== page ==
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#1 morgansacre

Posted 06 February 2013 - 05:07 PM

Hi,

I have been making some enquiries at the only retirement village, in the town DH and I want to end up in...this is in a tiny country town.

DH and I are selling our home and using what equity we have to buy a caravan and travel around Australia for a few years. This will happen in 2 years when our youngest child has finished YR12. We were going to just live in the self contained caravan at my oldest DDs place when we finally finish travelling. But I thought about checking out retirement homes to see if we could end up there...

The 2 bedroom homes are $185,000,
i just dont know how on earth most retired people can afford them?

This is more than our mortgage now. We need to sell our home as we will not be able to afford our $151,000 mortgage once DH leaves work and we are on the pension and paying all the bills too. We only have around 50% equity so its not that much. With very little super no bank would take us on with a loan even if we had a $50,000+ deposit.

I always assumed that you pay a rent type thing...I knew you pay a yearly or monthly service fee, I just never thought it would involve another mortgage. I understand most retiree's have a lot more equity in there home and/or have a good super...but we don't.

So the reason for coming on here:
Do all retirement homes have to be bought?
Does anyone here have parents etc. in a retirement home?
How do they do it?

Lynn

#2 Dresden

Posted 06 February 2013 - 05:13 PM

Are you talking about the over 50's "gated" community/residential homes, or like nursing residential homes?

#3 YandiGirl

Posted 06 February 2013 - 05:17 PM

Be wary of those retirement places and the conditions associated with them. They often have some very nasty provisions included. You buy in, but there won't necessarily be an asset to be sold once you 'move on'. There are usually sliding scales with the end result being you leave owning nothing.

#4 TillyTake2

Posted 06 February 2013 - 05:21 PM

Not all nursing homes have bonds but most retirement villages etc do.

Fwiw $185,000 is incredibly cheap, around here they start at $500,000!

I know it doesn't help you but I don't think you'll find that there are many people who are about to retire with less than $200,000 in super/cash/equity.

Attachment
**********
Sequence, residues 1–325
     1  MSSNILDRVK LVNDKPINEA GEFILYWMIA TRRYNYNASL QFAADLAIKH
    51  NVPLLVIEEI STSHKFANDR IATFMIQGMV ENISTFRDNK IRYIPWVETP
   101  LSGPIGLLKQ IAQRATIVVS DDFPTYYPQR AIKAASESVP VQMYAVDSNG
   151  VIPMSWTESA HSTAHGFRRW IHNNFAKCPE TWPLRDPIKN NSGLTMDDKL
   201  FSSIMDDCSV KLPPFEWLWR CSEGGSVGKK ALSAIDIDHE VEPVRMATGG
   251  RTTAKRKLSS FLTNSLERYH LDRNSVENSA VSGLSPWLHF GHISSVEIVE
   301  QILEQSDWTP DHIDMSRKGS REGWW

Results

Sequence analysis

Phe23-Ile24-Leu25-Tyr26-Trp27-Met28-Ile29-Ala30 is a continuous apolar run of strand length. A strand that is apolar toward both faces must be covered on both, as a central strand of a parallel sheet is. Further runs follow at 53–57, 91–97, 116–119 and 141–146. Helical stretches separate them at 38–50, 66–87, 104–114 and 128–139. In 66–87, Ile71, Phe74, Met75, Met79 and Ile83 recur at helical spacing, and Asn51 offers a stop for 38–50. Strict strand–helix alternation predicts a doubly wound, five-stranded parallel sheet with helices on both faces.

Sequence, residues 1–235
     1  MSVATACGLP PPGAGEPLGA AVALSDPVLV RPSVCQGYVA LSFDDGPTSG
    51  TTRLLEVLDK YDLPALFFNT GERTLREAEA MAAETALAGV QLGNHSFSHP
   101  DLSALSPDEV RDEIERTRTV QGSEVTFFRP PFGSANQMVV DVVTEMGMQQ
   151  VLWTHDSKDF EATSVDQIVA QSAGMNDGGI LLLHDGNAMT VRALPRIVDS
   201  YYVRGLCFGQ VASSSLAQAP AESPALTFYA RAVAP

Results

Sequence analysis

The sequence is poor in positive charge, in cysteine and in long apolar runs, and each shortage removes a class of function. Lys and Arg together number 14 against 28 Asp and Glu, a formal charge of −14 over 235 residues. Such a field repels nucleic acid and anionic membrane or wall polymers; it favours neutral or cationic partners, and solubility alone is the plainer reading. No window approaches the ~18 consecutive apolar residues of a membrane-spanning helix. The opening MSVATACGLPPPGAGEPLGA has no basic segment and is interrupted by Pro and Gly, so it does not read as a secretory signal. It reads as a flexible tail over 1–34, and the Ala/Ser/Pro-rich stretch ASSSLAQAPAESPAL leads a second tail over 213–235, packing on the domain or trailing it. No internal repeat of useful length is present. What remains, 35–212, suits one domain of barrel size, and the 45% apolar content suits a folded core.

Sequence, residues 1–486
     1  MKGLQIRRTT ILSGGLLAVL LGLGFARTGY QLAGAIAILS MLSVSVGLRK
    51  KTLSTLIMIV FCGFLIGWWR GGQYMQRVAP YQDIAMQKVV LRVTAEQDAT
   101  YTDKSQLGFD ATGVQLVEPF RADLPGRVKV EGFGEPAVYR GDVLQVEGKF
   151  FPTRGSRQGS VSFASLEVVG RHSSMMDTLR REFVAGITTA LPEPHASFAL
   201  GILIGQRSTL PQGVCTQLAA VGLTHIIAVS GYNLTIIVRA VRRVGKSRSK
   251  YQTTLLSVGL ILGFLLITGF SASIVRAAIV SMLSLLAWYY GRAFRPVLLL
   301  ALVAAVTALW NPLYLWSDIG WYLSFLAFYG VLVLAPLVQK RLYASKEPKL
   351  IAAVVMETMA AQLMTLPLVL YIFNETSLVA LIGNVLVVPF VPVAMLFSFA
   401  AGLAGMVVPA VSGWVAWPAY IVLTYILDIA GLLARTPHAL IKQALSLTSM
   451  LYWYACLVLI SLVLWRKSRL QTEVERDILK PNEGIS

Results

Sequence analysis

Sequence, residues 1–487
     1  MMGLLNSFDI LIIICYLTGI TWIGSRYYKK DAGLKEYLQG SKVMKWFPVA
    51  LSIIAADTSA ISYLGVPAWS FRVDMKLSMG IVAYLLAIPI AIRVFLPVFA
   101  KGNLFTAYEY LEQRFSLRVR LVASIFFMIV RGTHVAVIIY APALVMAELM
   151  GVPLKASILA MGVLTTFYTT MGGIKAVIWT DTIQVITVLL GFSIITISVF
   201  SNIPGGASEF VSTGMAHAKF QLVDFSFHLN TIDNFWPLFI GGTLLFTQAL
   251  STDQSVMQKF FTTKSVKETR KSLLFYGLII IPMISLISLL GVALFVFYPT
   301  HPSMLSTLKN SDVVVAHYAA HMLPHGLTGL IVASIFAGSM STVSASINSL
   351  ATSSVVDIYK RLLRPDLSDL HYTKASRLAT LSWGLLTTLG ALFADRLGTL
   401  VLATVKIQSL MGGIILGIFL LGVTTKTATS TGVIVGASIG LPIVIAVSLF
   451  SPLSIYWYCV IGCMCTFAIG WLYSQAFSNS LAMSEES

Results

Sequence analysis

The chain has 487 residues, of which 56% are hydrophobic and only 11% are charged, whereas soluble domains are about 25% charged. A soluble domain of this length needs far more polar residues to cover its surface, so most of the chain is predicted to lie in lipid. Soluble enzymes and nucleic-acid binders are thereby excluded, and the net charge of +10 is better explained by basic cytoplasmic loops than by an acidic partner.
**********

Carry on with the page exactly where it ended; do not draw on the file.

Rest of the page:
How old are you? I'd be thinking you need to work & save for a few more years. My parents both still work, both in their mid 60's.

#5 Soontobegran

Posted 06 February 2013 - 05:24 PM

Around these parts it will cost at least $400k for a decent home in a decent retirement village so it seems to be only an option for those who have already paid off their mortgage and will have the money made from the sale of their home to get them in.
My mum and dad bought into a retirement village but they are bound by so much red tape when it comes to the sale of the unit when they die that is seems to be a nightmare best done without.

I really know very little about the process other than what I have seen happen to my parents and friend's parents but as I said they were all homeowners free of mortgages.

Good luck, I guess we need to think about this sometime in the next decade. I love the idea of being grey nomads Lynn. I hope someone has more information to help you with.

#6 jojonbeanie

Posted 06 February 2013 - 05:26 PM

QUOTE (morgansacre @ 06/02/2013, 06:07 PM) <{POST_SNAPBACK}>
DH and I are selling our home and using what equity we have to buy a caravan and travel around Australia for a few years. This will happen in 2 years when our youngest child has finished YR12. We were going to just live in the self contained caravan at my oldest DDs place when we finally finish travelling.

Given your financial instability perhaps it is not wise to sell off your only asset and invest the money in something which is only going to depreciate. Aren't you going to need as much money as possible for future medical expenses, accommodation, vehicles and care?

#7 Peppery

Posted 06 February 2013 - 05:27 PM

My grandfather purchased a villa in a retirement village, we he passed away the retirement village gave his estate a sum of money that was agreed upon at time of purchase. It did not reflect the current purchase price for the villa.

I think he used to pay a weekly maintenance fee as well.

#8 morgansacre

Posted 06 February 2013 - 05:30 PM

It's a retirement home where you come and go as you please. If you pay the service fee they will do all maintaince on the house and front yard free. There are no medical services connected with it, so it's not a nursing home.

I will be 51 next month and I can't work, DH will be 68 next month and wants to retire from work at the end of June 2015. So us working longer is not an option.

Lynn

Ok it seems like a retirement home is not really a good thing. Tats ok it was just an idea. DD has offered to pay half for a granny flat on her property, which we are thinking about...I just don't like the idea we may be stuck there.